SANTA FE, N.M. (AP) — The New Mexico Supreme Court has put on hold several citizen requests that used petition drives to call for convening grand juries to investigate Democratic Gov. Michelle Lujan Grisham's handling of COVID-19.
The state high court on Tuesday granted Lujan Grisham's motion for a stay of requests filed in Eddy, Lea and Chaves counties in southeastern New Mexico pending further court filings, the Albuquerque Journal reported.
Republican legislators and others have criticized Lujan Grisham's imposition of masking mandates and other public-health requirements during the pandemic as overly burdensome and infringing on personal freedoms. She has defended them as necessary to curb the spread of the coronavirus
State Sen. David Gallegos, one of the individuals seeking grand juries, expressed disappointment with the Supreme Court's order.
“You would think at some point in time the people could be heard,” Gallegos told the Journal.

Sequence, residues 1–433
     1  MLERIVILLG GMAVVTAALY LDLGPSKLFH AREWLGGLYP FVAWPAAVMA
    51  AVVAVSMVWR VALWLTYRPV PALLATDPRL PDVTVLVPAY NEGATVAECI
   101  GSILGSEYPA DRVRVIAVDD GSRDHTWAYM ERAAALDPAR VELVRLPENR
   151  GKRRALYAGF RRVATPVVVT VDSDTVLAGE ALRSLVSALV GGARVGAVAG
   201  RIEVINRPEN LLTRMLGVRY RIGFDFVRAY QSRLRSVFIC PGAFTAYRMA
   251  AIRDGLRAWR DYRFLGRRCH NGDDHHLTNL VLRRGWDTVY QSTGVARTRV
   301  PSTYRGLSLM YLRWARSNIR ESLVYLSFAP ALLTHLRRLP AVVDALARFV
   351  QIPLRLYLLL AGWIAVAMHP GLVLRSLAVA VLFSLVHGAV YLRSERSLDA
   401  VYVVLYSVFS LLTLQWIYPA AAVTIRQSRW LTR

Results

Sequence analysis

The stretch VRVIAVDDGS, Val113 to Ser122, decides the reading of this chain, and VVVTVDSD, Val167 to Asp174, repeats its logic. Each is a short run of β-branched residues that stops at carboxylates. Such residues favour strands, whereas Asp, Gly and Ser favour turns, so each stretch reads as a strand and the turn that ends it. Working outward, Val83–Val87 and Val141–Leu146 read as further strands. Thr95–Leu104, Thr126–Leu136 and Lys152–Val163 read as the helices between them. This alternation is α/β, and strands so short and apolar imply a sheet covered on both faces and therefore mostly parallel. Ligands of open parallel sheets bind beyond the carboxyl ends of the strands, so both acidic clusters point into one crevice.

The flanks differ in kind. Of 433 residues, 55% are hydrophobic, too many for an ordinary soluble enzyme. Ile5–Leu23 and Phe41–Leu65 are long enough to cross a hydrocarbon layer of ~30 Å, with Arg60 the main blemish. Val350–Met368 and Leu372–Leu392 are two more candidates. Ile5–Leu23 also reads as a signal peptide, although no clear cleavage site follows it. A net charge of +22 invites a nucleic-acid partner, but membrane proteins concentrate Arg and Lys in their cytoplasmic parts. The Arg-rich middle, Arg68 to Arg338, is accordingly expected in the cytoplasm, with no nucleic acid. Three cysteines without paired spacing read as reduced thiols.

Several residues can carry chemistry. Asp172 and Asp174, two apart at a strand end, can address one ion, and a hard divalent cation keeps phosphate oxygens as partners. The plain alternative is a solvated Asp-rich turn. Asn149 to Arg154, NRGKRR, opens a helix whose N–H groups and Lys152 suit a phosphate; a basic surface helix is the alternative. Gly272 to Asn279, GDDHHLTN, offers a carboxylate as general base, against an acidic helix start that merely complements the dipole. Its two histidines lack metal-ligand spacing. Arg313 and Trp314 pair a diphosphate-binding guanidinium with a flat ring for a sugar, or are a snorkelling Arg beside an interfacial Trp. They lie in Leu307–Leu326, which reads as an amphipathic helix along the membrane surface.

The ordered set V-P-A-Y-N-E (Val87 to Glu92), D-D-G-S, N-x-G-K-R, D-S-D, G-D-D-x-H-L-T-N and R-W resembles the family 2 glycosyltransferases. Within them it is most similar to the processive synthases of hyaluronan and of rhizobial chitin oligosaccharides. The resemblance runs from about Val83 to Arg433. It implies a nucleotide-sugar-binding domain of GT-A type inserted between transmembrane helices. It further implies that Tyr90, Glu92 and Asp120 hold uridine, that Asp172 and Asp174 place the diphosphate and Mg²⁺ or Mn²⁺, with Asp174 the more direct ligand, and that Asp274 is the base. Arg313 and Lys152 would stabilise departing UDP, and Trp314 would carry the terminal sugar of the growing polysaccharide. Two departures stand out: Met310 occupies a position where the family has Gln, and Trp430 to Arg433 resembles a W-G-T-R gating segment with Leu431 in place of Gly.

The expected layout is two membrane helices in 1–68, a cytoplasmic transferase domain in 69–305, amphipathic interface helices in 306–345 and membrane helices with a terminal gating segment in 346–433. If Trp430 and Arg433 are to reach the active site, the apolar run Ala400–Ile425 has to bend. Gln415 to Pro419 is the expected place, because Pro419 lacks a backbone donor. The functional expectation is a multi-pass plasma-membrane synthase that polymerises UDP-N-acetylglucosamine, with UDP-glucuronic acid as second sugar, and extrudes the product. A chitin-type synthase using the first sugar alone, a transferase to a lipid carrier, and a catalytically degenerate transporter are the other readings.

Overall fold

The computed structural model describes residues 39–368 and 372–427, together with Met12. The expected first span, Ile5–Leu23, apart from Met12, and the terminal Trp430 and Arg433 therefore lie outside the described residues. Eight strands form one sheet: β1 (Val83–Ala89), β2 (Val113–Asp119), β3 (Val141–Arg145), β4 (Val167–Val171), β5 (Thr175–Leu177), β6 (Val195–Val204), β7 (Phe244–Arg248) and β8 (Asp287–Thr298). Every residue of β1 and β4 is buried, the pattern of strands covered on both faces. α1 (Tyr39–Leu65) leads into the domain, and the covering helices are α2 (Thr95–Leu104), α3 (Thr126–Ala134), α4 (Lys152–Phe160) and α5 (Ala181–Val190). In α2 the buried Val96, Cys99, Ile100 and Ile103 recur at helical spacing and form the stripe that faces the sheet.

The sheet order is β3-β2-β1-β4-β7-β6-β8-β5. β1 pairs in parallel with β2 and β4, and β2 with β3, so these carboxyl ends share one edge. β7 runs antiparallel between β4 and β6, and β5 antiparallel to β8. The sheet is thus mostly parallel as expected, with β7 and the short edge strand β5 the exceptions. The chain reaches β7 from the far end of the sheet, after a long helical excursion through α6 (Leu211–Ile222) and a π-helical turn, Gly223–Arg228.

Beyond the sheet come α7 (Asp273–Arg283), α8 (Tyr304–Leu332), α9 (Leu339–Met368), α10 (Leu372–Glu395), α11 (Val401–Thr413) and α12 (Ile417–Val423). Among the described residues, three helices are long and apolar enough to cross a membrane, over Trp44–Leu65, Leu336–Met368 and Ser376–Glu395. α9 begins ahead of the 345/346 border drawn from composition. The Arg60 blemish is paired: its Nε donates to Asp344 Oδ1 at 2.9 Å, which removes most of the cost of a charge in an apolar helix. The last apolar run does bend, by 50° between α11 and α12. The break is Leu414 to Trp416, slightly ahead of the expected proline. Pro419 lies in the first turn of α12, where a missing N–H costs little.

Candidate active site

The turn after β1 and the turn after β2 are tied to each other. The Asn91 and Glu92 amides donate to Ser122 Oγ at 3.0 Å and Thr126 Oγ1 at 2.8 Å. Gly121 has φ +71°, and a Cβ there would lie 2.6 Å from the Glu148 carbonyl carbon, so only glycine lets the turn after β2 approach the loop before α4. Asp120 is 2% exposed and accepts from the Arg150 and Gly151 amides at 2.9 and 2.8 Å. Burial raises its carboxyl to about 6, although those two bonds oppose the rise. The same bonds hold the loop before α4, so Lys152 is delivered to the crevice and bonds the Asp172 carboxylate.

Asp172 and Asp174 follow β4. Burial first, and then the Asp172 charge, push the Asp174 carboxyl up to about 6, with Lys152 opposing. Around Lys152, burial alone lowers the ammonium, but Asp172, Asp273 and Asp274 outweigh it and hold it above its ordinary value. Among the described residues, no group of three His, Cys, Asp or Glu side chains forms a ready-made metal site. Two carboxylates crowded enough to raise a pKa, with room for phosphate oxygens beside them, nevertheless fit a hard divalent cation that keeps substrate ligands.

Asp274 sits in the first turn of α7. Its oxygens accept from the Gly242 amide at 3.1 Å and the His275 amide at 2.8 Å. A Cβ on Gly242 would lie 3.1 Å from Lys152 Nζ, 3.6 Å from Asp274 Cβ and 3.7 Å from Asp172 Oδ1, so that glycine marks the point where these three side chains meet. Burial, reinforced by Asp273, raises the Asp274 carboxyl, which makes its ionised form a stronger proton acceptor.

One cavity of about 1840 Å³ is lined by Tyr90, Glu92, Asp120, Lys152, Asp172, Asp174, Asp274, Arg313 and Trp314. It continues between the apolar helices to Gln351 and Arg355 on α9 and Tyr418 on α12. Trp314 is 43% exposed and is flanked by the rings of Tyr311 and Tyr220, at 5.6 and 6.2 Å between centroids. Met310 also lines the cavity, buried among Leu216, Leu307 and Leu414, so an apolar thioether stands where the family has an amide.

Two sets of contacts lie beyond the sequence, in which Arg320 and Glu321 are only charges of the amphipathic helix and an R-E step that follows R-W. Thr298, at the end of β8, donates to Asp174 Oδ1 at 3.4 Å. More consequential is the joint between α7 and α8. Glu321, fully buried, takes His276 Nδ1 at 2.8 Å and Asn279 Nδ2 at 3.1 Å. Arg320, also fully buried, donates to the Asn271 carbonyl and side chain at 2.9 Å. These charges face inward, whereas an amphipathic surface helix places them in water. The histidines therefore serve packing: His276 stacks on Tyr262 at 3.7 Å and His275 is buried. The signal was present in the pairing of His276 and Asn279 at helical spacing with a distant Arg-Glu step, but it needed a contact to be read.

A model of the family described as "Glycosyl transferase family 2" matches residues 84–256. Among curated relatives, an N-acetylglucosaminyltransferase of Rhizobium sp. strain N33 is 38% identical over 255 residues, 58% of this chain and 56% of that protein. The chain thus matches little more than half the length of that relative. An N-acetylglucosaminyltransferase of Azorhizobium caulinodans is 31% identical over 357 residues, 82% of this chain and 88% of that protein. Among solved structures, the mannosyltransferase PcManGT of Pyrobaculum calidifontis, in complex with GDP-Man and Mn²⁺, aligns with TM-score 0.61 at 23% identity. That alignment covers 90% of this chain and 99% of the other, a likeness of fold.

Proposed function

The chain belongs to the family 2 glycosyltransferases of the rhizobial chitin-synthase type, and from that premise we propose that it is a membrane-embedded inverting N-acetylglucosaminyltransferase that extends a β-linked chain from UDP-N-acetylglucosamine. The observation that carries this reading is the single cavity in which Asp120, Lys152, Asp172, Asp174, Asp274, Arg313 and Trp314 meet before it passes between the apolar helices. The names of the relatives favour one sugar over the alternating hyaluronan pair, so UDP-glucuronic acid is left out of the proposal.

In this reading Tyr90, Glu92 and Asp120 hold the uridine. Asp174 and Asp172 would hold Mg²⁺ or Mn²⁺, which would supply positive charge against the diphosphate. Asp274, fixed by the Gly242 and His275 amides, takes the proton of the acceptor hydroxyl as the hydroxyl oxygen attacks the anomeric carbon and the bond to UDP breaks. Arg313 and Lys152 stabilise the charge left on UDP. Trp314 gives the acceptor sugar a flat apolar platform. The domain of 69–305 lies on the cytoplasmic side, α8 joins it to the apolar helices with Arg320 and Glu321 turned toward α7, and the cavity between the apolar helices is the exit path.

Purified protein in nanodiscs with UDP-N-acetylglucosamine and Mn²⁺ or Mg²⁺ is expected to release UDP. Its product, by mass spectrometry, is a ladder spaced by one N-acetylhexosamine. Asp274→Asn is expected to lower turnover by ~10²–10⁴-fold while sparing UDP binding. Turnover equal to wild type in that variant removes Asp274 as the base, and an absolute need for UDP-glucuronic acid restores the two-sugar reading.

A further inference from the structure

A Eunice Republican, Gallegos said he was seeking grand juries as a citizen and not as a legislator.
New Mexico is one of just a few states that allows for citizen-initiated grand jury proceedings, which under the New Mexico Constitution require a certain number of voter signatures be submitted for a judge to convene such a grand jury.
Grand juries are typically used by prosecutors in order to indict individuals for alleged criminal wrongdoing.
The state Supreme Court has generally upheld the legality of Lujan Grisham's actions to combat the pandemic. However, the justices on Wednesday sided with legislators who challenged her authority to unilaterally spend roughly $1.7 billion in federal relief funds.
Lujan Grisham's general counsel, Holly Agajanian, said in a court filing that the petitions for grand juries were a “creative scheme" that lacked solid legal ground.
“While the citizens filing the petitions may disagree with the governor’s approach to the pandemic, none of these allegations even remotely demonstrate that she has committed any crime,” Agajanian wrote.
In another pandemic development, the school district for New Mexico's second most populous city has introduced new protocols for schools with higher rates of spread of the coronavirus.
Amid a continued rise in case numbers, Las Cruces Public Schools will require those schools to require students face one way in classroom and cafeteria settings, allow only essential visitors, have students go directly to classrooms upon arrival and to stagger transition, recess and dismissal times, the Las Cruces Sun-News reported.